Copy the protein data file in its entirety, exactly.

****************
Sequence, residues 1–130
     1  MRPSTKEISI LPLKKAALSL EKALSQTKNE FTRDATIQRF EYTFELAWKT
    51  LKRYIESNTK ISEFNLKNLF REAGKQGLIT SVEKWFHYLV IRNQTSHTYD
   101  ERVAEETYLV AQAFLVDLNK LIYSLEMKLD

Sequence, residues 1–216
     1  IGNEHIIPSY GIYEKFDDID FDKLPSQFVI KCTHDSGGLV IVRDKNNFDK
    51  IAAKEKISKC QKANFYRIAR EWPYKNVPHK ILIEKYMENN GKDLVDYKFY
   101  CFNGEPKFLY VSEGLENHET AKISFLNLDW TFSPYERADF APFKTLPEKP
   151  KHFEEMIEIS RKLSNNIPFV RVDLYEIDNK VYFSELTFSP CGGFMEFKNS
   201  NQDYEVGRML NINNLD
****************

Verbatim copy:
Sequence, residues 1–130
     1  MRPSTKEISI LPLKKAALSL EKALSQTKNE FTRDATIQRF EYTFELAWKT
    51  LKRYIESNTK ISEFNLKNLF REAGKQGLIT SVEKWFHYLV IRNQTSHTYD
   101  ERVAEETYLV AQAFLVDLNK LIYSLEMKLD

Sequence, residues 1–216
     1  IGNEHIIPSY GIYEKFDDID FDKLPSQFVI KCTHDSGGLV IVRDKNNFDK
    51  IAAKEKISKC QKANFYRIAR EWPYKNVPHK ILIEKYMENN GKDLVDYKFY
   101  CFNGEPKFLY VSEGLENHET AKISFLNLDW TFSPYERADF APFKTLPEKP
   151  KHFEEMIEIS RKLSNNIPFV RVDLYEIDNK VYFSELTFSP CGGFMEFKNS
   201  NQDYEVGRML NINNLD